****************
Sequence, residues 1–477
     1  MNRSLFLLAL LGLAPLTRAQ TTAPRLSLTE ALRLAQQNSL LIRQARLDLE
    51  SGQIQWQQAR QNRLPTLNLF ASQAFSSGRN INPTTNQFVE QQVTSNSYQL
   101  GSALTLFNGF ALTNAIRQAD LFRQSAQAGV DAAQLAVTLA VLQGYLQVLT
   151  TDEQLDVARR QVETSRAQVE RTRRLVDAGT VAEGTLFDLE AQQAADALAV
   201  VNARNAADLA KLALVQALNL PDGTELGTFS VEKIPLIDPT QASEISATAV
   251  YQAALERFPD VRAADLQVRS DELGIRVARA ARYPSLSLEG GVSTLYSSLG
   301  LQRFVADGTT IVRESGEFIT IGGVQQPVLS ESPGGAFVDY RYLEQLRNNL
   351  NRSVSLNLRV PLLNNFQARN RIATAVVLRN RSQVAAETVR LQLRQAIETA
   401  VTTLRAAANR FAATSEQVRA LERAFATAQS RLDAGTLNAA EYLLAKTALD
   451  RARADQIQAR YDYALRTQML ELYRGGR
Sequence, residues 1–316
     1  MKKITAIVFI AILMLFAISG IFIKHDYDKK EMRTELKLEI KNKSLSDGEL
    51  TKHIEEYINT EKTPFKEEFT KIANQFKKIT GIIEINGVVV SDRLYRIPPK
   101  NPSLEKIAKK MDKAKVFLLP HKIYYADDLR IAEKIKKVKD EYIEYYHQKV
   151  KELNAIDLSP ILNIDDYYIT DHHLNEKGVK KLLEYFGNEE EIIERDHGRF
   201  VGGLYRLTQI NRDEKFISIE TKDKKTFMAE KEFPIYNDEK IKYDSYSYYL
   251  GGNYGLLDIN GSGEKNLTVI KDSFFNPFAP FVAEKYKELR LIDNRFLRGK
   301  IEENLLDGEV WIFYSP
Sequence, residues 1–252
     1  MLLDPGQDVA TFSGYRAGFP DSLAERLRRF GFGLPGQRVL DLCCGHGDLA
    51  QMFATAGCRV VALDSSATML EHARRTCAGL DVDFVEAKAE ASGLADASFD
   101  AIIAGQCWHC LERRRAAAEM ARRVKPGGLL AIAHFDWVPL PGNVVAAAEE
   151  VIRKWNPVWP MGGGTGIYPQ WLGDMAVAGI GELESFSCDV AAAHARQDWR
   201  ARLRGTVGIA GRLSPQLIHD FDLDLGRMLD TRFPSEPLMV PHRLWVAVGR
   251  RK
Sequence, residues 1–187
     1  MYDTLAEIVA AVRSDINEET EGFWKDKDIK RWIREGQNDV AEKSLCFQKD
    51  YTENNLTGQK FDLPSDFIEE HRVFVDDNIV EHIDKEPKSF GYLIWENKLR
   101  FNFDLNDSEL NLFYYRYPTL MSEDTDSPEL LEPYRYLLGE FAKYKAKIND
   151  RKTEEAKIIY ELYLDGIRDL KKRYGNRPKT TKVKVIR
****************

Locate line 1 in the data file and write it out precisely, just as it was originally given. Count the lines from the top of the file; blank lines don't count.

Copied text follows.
Sequence, residues 1–477